I finished the back neckline with a bias self-facing, which is caught on either end under the front-to-shoulder-seam facings.

All in all, though, I'm happy with it. Good quilting cottons always feel so nice as clothing.

Oh, and a note about the sleeves since my first make of this pattern was sleeveless — they fit into the armhole perfectly. No easing required, and remember — this fabric has no stretch. While I'm not complaining, this strikes me as odd since most patterns with set-in sleeves require some easing. I'm going to revisit the pattern before I put it away to see if I caused it by oversight during an alteration or if it's really supposed to be. You can't see in my photo above, but the sleeves fit great. The armhole is where I like it (on the high side), I have perfect arm mobility and the shirt doesn't raise up when I lift my arms. So there's been no sacrifice for an ease-less sleeve cap.

Moving on to the bra now …

Keeping Myself Accountable

I'm just noting all this publicly to keep myself accountable this weekend. The guys are away and I plan to sew, sew, SEW!

First up is to finish the second Petite Plus Shapely Shirt that I cut out last weekend and have worked on here and there since then. This one is from a quilting cotton, no Lycra. It's an Amy Butler print, so it may be a little too cutesy to wear in public. But for hanging around the house and out in the yard with the dogs, it should be very comfortable. I'm leaving off the collar to increase the comfort-in-humidity factor. But I am adding sleeves because my shoulders freeze inside in the A/C as my desk is right under a vent. The only things left to finish are inserting the second sleeve, hemming, and buttonholes/buttons. I plan to finish this in the morning.

After that, I want to work on a new bra. I finally ordered 4 different sets of underwires from which came during the week and I now have 2 keeper sets. They are actually the same basic size, just different lengths for different style bras. The size charts you can print out from the site are extremely helpful. I want to tweak the fit of the last bra, made from the Danglez pattern. I hope to have at least a new "muslin" finished by Saturday evening. If that goes well, then I want to make a final version before the weekend is over.

Somewhere in all of this I do need to spend about 3-4 hours catching up on some work. It's been a frazzled week and I have a graphics project I haven't been able to concentrate on due to all of the other interruptions. I want this off my plate so it stops nagging at me.

I don't think that leaves time for any other projects, but if a miracle occurs, then I'll pull out the J. Stern jeans pattern and work on that again. Actually, I don't need to really pull it out as I've never put it or the non-fitting capris away. Out of sight is out of mind around here and I didn't want to forget about them.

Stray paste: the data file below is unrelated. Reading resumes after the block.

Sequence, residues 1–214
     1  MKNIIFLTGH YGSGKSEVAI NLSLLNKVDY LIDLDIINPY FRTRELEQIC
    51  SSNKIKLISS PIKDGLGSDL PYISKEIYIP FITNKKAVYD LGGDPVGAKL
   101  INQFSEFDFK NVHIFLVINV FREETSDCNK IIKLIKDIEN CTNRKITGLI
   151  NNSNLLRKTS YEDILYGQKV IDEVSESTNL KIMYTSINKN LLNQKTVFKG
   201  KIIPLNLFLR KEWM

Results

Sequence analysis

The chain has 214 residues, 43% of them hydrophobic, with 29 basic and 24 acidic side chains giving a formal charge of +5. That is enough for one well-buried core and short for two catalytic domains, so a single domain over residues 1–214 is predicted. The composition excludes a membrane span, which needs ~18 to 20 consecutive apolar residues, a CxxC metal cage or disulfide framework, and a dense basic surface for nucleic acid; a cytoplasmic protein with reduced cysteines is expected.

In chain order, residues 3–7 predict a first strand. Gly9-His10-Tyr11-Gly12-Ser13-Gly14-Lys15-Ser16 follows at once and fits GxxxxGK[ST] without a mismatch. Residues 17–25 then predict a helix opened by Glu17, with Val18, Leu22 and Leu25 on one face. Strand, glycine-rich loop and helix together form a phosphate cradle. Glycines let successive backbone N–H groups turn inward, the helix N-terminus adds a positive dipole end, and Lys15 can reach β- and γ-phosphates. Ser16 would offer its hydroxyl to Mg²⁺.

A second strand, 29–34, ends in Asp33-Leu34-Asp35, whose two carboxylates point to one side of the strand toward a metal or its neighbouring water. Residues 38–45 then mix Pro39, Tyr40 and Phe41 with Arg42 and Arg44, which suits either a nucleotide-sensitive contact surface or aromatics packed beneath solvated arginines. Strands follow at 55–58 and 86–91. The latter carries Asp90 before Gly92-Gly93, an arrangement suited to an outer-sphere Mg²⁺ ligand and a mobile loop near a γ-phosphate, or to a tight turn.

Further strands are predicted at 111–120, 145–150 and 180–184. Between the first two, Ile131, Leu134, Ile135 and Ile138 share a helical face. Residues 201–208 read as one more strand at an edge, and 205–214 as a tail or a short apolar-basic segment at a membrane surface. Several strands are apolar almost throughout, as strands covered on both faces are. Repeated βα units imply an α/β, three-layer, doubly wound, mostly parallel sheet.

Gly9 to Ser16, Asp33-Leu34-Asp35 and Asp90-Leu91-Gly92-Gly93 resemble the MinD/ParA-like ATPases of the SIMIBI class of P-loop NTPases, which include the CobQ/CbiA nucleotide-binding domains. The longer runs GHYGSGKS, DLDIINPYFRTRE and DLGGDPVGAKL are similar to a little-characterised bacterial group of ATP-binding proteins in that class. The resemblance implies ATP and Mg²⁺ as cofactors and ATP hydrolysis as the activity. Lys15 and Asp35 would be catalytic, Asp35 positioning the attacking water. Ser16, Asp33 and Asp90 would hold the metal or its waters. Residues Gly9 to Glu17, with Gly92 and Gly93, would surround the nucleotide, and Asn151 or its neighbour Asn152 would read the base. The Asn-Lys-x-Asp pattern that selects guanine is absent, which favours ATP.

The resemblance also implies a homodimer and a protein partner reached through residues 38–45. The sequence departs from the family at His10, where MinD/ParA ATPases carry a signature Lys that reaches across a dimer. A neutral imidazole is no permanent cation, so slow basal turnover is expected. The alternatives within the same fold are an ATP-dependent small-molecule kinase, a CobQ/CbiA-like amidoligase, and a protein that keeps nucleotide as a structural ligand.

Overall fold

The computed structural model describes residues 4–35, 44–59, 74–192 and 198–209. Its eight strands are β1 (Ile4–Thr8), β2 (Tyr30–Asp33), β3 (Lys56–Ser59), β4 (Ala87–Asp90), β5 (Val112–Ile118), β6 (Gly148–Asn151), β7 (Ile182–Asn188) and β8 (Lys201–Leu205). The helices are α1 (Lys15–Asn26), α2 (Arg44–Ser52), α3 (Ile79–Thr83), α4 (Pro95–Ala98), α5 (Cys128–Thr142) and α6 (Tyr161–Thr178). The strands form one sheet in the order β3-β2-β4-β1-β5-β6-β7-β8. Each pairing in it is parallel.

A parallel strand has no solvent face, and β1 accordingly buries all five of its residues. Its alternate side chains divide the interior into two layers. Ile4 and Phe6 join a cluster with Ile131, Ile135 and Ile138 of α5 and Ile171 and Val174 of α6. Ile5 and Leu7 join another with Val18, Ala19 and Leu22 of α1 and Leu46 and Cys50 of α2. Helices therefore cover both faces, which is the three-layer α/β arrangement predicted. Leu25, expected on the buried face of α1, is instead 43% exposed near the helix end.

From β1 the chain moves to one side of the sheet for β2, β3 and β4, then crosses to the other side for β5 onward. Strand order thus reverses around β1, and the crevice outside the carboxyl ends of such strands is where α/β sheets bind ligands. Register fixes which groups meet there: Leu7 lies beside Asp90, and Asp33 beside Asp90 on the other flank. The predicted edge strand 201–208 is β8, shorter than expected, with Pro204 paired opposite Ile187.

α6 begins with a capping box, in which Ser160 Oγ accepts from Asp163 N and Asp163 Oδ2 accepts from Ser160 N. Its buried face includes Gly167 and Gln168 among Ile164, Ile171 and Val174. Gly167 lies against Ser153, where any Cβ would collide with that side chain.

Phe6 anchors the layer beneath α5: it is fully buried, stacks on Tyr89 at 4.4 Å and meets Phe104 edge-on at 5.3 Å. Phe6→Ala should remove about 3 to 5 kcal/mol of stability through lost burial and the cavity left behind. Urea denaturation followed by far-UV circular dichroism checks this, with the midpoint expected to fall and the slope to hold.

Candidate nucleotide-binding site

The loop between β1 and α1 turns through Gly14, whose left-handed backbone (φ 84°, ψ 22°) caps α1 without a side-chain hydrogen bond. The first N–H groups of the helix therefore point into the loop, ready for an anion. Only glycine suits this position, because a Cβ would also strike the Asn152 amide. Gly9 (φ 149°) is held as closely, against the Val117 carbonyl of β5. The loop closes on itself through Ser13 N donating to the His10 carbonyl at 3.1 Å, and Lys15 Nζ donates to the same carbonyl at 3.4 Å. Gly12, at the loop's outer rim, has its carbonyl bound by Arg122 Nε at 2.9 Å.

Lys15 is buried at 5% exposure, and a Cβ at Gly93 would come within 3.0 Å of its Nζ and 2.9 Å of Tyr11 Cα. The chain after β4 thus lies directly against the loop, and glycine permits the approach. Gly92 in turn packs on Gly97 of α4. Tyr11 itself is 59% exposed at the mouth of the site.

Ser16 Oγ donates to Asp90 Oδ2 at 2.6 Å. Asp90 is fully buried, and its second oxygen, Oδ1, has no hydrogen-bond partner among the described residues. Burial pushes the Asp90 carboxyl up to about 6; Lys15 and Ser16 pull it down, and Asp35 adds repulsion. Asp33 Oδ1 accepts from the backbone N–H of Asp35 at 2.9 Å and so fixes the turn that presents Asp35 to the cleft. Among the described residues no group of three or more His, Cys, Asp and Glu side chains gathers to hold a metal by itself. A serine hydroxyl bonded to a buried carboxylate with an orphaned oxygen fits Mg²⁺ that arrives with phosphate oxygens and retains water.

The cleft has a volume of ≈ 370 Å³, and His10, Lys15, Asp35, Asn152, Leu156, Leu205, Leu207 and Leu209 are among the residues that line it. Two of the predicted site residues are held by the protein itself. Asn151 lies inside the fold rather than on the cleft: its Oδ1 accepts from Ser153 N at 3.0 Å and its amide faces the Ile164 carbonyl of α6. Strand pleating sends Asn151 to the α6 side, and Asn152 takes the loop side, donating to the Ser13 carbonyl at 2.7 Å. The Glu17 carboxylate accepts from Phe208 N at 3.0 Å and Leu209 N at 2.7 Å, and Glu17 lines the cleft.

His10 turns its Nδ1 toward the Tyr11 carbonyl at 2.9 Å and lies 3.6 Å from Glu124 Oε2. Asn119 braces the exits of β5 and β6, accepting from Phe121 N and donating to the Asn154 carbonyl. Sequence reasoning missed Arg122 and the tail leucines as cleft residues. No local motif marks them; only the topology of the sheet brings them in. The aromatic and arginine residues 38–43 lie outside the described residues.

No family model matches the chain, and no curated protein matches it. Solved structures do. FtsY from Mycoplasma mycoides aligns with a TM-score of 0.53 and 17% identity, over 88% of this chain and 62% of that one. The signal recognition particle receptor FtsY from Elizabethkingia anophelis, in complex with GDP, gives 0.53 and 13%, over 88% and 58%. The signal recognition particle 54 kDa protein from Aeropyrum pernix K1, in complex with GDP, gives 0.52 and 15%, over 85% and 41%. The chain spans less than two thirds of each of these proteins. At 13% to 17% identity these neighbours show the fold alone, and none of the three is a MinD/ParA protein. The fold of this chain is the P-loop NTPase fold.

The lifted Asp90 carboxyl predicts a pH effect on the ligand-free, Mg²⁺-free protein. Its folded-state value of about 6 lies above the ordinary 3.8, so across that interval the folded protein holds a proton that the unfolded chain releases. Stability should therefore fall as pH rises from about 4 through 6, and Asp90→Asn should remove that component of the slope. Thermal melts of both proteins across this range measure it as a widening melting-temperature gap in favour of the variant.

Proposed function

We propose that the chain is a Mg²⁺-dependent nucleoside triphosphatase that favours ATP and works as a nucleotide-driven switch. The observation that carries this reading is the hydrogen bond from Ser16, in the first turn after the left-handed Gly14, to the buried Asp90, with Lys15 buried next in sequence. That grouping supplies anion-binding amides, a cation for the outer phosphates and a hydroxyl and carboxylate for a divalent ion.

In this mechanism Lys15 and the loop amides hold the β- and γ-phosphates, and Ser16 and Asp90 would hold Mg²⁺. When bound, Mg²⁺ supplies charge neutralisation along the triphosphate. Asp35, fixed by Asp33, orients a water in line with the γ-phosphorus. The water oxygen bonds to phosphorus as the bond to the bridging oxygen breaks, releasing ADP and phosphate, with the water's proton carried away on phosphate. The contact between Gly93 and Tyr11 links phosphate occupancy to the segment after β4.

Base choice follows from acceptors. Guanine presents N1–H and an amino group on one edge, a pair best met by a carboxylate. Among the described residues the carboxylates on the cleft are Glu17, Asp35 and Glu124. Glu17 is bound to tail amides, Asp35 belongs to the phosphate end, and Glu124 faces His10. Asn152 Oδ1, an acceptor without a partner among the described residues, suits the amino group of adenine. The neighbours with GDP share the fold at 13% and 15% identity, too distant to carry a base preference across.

So, what's on your to-do lists for the weekend?

Thursday, August 6, 2009

Oops, I Did It Again

So last time I wrote about this pattern, I talked about putting it away. Well, I did. For a while. Until I realized the top I want to live in this summer is the rayon/Lycra knit version I made in May (2nd from right in the photo below). Over the weekend I pulled out the pattern again and cut out another rayon/Lycra knit. Tonight I sewed up the hems to finish it. I do still wear them all, so the new one will be added to the rotation. And if you're wondering, that little flower on the "apex" area of Zillie thankfully does not hit *me* in the same place.

The pattern, in case you don't have it memorized yet, is Simplicity 4122, below (neckline modified):

Saturday, August 1, 2009

More Stars & Stripes

I started and finished the two Yankee Doodle Dandy blocks this week. And, no, I don't name these things. ;-)

They came out OK, not perfect in a couple spots but close enough. These are some of the most fiddly blocks I've done in a long time, or even ever. My personality is much more suited to fast strip quilting blocks, which is what I'll be doing to use up the leftovers if/whenever I finish these two Stars & Stripes projects. I will probably machine-quilt the wall hanging myself, but I'm already giving serious thought to paying for a long-arm quilter to quilt the big one.

So, here's where I am now. Only 2 blocks left for the wall hanging! I'm beginning to think I may get these both done by the end of the year.

I'm "forcing" myself to work on the applique eagle blocks next. The sewing part won't be hard. It's cutting out all those pieces — times two — that is making my eyes cross. For these, I'll be moving from the Featherweight to the D1 so I can use the buttonhole stitch on my D1 like I did for the previous appliqued blocks. I have to say, though, I'm really enjoying the simplicity and sturdiness of the little Featherweight and I'm glad it's part of the herd.

As for the rest of the weekend, my mind is a jumble and I haven't decided what to start. Analysis paralysis. Sigh.